This series aims to explore what we do and don’t know about safe withdrawal from antidepressants, antipsychotics, benzodiazepines and stimulants. We will seek to present and explore new understandings that are emerging from the professional and lived-experience communities. We will discuss the knowledge, skills and experience necessary to support those who may be having difficulty getting off psychiatric drugs. We will address questions of interest to both prescribers and patients alike.
The initial panel discussion will be held on Friday, January 15, 2021, at 10 AM PT, 1 PM ET, 6 PM GMT and will set the scene for the series. What do we know and not know, what developments have there been? Where are the gaps in our knowledge and understanding? How do we make use of all the lived-experience accounts of difficult withdrawal? You can register here.
In addition, we will be asking for help from the viewing audience to assist us in deciding what are the important topics to cover in our series. As such, the intention is that the series can be developed for and by the lived experience community. Equally important, we want to encourage as many prescribers as possible to join us and to use this as a learning and knowledge sharing opportunity.
This first panel is comprised of Adele Framer, founder of Surviving Antidepressants; Swapnil Gupta, a Board Member of the International Institute for Psychiatric Drug Withdrawal and a psychiatrist with a special interest in deprescribing; John Read, Professor of Psychology and Chair of the International Institute for Psychiatric Drug Withdrawal and Luke Montagu, co-founder of the Council for Evidence-based Psychiatry and member of the NICE guideline committee for safe prescribing and withdrawal (Luke has also experienced withdrawal).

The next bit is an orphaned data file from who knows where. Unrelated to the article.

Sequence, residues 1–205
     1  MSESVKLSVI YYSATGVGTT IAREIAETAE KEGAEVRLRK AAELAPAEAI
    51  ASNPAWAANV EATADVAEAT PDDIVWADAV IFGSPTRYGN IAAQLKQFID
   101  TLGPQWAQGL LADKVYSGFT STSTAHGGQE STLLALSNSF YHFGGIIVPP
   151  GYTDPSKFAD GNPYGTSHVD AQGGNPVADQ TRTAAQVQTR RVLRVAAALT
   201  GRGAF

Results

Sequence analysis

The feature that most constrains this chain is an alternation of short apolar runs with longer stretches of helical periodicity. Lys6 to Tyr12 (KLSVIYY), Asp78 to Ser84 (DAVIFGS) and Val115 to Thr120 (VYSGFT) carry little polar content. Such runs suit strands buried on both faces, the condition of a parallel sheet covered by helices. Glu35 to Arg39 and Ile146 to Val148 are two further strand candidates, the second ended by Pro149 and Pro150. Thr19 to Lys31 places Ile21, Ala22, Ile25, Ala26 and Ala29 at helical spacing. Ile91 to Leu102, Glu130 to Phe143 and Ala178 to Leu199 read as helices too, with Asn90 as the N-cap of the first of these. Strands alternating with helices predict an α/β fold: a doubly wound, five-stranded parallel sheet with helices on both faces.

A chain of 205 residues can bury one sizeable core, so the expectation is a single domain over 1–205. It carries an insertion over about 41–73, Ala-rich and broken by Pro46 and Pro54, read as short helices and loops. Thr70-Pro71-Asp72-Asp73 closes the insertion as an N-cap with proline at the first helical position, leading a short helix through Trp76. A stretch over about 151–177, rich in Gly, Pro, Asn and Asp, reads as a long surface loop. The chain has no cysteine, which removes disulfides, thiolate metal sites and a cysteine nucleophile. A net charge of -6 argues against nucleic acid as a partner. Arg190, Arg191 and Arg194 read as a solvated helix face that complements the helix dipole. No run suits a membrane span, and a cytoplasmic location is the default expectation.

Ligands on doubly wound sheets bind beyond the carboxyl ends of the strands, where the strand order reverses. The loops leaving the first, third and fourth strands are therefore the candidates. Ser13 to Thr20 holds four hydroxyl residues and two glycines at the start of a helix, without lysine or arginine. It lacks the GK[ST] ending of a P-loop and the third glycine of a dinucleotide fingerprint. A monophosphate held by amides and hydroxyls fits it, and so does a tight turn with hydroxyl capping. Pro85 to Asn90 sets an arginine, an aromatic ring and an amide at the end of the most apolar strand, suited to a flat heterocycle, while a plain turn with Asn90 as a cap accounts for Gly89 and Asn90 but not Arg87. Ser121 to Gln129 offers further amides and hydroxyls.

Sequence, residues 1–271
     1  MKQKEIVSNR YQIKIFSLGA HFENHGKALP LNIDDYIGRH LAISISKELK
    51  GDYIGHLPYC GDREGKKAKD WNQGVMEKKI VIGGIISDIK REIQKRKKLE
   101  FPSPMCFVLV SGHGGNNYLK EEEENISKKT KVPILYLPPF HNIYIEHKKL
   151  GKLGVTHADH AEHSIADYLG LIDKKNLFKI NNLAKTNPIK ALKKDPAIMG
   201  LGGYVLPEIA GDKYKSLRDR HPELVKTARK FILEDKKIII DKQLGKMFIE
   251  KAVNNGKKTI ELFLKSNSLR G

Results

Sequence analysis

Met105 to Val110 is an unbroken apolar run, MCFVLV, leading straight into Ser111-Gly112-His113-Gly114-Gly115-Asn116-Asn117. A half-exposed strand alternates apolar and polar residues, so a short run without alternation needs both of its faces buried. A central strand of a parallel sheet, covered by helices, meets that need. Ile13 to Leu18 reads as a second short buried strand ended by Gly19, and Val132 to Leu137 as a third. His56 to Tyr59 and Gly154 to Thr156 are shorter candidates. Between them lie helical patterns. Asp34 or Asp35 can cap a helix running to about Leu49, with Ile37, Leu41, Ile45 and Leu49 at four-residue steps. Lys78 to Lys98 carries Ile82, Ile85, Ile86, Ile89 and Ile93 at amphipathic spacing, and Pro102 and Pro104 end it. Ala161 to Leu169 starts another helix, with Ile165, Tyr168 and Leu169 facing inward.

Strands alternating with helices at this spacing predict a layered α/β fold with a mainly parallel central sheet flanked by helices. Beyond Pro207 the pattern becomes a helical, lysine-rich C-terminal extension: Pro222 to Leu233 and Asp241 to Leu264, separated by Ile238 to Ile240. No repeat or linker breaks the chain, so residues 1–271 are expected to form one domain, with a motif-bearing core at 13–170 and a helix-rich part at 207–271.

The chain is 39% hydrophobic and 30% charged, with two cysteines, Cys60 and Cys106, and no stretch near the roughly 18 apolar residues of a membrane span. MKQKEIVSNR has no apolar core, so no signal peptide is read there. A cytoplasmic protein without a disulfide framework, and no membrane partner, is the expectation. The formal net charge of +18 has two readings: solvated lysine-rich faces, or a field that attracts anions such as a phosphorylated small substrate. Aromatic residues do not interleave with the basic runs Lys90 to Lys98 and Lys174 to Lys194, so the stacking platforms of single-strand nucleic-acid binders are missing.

I will be the host for the series, and moderate this first town hall. The issues of dependence on and withdrawal from prescribed drugs—and my personal experience of antidepressant withdrawal—led me to create the Let’s Talk Withdrawal podcast in 2017. My aim then was to shine a light on experiences that are sometimes misunderstood, dismissed or delegitimized, and this remains a core aim of our new series.
Lucy Fernandes, who is the administrator for the International Institute for Psychiatric Drug Withdrawal, will be moderating viewer questions and comments. Shira Collings will be managing the technical aspects of the town halls, which will be live-streamed on Facebook and provided after the event on MIA’s YouTube channel.
To help with this aim, we are seeking your input to help us organize the series. We want to know your issues that need to be addressed. Were you informed about withdrawal issues when first prescribed to? Did you know about gradual tapering? Were you able to converse with your doctors about your experiences? Did they listen and adapt their approach? Please let us know.
In addition, we are considering all the ways that we can ‘reach beyond the choir’ to encourage prescribers to engage who may not have been exposed to these issues previously. If you can help suggest ways we might reach a new prescriber community, or if you have burning issues for us to consider when designing this series, please get in touch.
We hope that these discussions will add to an increasingly detailed collection of knowledge and experiences that can inform prescribers when providing informed consent and when implementing gradual tapering regimes.